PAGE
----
As expected, the feedback in various places on the Marginal Cap Efficiency article pointed out that it was flawed, mostly because the Islanders and Avalanche were in the top half of the league, yet finished in the bottom five in the standings. But we know that it's only a start and that the best measurement of a GM is his ability to get his team to the playoffs. For that reason, I've created Marginal Playoff Efficiency. Marginal Playoff Efficiency (MPE) uses the playoffs as the bare minimum of efficiency. As I've written before, "the playoffs are the goal for every team in the league, not just because they want to win, but because of the revenue opportunities that come from the playoffs. Players are playing for free, attendance is higher, and those attending the games pay higher ticket prices."
MPE measures the spending efficiency on points earned over the minimum necessary to make the playoffs. Because luck is often uncontrollable, I allowed for a 5% underage on points. For example, in 2006-2007 a team in the Western Conference needed 96 points to qualify for the playoffs. My minimum is 91. That number is different each season and different in each conference, so I've split the two conferences. The numbers below are the result. I've taken the number of points over the playoff minimum divided by cap dollars spent over the league floor. So Marginal Playoff Efficiency is points over the playoff minimum divided by dollars spent over the salary floor.
Listed below are the results of each team since 2005-2006 when the salary cap was instituted. PLO AVG stands for post-lockout average. I've used the heat map concept to categorize similar seasons, where the darker colors are the more extreme values*. The table is sorted by PLO AVG.
|San Jose Sharks||1.131||0.946||2.898||1.975||1.440||0.818||1.401|
|Detroit Red Wings||1.892||1.240||2.017||1.655||0.750||0.745||1.359|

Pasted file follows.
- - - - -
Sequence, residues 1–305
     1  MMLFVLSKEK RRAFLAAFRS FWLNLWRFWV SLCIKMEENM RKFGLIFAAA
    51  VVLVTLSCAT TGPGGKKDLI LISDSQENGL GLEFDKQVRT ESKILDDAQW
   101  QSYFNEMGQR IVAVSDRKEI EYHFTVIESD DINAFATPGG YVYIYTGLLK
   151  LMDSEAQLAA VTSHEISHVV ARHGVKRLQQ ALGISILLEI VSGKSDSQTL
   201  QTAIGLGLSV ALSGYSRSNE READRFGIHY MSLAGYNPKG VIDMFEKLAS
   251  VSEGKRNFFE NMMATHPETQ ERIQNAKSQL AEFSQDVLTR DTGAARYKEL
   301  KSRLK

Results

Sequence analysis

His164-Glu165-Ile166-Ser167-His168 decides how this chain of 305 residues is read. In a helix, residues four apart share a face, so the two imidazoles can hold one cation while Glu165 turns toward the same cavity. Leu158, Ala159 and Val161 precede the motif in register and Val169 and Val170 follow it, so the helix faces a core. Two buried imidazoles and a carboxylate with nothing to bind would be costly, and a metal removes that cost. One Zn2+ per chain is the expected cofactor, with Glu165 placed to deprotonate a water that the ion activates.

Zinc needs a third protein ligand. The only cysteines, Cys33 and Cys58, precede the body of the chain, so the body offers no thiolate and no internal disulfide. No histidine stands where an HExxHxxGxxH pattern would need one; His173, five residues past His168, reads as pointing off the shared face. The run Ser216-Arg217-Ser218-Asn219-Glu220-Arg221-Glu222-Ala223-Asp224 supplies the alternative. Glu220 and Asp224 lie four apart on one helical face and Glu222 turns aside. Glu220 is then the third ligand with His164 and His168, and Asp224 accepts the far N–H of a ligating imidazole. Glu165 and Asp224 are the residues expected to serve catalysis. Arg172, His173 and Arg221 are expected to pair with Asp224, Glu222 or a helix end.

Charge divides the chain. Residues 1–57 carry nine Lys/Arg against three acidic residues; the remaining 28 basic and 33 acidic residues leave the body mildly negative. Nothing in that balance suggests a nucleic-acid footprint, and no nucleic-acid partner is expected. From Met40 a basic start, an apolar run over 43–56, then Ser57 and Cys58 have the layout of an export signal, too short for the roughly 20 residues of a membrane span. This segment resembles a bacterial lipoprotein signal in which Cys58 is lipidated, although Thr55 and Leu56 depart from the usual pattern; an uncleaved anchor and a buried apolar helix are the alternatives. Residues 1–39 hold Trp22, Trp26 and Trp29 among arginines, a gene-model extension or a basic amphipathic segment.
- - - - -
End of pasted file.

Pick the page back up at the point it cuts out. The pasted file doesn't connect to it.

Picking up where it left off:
|Los Angeles Kings||-0.093||-1.785||-1.397||-2.358||1.109||0.504||-0.512|
|St. Louis Blues||-4.963||-1.172||-0.500||0.439||0.000||-4.545||-1.034|
|Columbus Blue Jackets||-1.452||-1.537||-1.248||0.515||-1.884||-1.209||-1.094|
- Doug Wilson's stays atop the leader board in the Western Conference and in the league overall. Even more interesting is that he's managed to start this season with more cap space than he started with last season.
- David Poile's internal budget posts enormous efficiency numbers when he makes the playoffs, even when the Preds snag a low seed.
- Vancouver ownership hired Mike Gillis to replace Dave Nonis prior to the 08-09 season. The difference is immediately apparent in the numbers.
- Scott Howson is likely on the chopping block. He had a single season in the playoffs that got him a reprieve, but he's now adding salary and most of the resin of Doug MacLean is gone. It's not encouraging that his efficiency numbers are just as bad.
- Since taking control of the Oilers, Steve Tambellini has pushed Edmonton's MPE progressively lower.
|New Jersey Devils||0.869||0.890||0.750||3.281||1.386||-0.390||0.652|
|New York Rangers||1.088||0.461||0.444||0.421||0.218||0.268||0.313|
|Toronto Maple Leafs||0.174||0.220||-0.416||-0.880||-0.621||-0.426||-0.427|
|Tampa Bay Lightning||0.301||0.351||-2.242||-1.572||-0.697||2.029||-0.502|
|New York Islanders||-0.700||0.373||-1.187||-3.589||-46.00||-160.0||-1.799|
- Darcy Regier's years of being a spendthrift are over thanks to Terry Pegula, but Regier has worked wonders with that franchise since the lockout.
- Edmonton fans take heart, the Penguins and Capitals both hit bottom before rebounding near the top of the Eastern Conference.
- Edmonton fans look out, the Thrashers, Panthers and Islanders all hit bottom and stayed there.
- The Flyers are my favorite row in the table. They're all over the map only to break even in the end.
- Bryan Murray is headed in the opposite direction of Mike Gillis.
- Finally, Steve Yzerman is going to be hard-pressed to get into a darker shade of blue given his hefty cap number to start the season, but considering the three seasons prior, even something in white looks quite good.
One final note: Bad management or bad ownership is like a chicken or the egg question. The eight worst teams by this measure: Tampa, Phoenix, Atlanta, Florida, St. Louis, Edmonton, Columbus and Long Island have all suffered a combination of both.
*I realize that the heat map boundaries used thus far will break down completely as the salary floor approaches the playoff minimum (in fact, 2011-12's numbers might break down), but I've got a plan for next year's map.